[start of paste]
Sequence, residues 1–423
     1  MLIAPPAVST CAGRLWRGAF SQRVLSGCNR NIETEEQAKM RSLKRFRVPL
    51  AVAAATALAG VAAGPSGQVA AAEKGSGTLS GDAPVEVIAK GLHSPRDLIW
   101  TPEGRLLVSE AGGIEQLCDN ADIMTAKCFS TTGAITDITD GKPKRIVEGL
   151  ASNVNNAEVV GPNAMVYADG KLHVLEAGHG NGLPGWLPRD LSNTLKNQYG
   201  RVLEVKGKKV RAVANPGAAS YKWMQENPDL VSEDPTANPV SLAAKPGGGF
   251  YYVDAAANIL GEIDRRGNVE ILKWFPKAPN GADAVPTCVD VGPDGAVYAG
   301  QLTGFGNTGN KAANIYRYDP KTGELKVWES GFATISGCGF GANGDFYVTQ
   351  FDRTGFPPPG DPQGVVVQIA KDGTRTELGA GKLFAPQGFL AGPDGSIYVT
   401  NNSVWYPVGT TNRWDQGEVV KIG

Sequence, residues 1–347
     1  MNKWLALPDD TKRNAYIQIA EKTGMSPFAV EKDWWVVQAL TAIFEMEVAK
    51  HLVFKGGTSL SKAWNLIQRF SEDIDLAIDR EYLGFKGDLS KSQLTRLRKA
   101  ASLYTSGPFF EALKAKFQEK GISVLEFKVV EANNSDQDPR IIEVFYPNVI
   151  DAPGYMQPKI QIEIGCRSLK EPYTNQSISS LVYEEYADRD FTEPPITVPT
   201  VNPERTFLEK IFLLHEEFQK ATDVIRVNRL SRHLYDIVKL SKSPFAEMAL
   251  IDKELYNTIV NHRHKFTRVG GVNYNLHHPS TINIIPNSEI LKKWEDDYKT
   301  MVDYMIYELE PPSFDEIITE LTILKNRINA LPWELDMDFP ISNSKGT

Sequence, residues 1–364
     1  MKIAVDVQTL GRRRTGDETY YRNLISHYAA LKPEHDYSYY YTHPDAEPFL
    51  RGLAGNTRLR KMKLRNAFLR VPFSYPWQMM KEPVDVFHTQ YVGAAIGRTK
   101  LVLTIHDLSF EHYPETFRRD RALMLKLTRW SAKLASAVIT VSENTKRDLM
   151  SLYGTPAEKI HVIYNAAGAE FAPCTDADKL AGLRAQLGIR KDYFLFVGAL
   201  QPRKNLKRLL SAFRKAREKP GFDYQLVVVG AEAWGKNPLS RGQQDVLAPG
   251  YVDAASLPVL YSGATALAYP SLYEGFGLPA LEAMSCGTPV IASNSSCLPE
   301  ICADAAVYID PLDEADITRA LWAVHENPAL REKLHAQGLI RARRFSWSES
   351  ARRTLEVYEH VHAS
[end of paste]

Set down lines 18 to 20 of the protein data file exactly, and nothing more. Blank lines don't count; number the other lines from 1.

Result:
   301  MVDYMIYELE PPSFDEIITE LTILKNRINA LPWELDMDFP ISNSKGT

Sequence, residues 1–364
     1  MKIAVDVQTL GRRRTGDETY YRNLISHYAA LKPEHDYSYY YTHPDAEPFL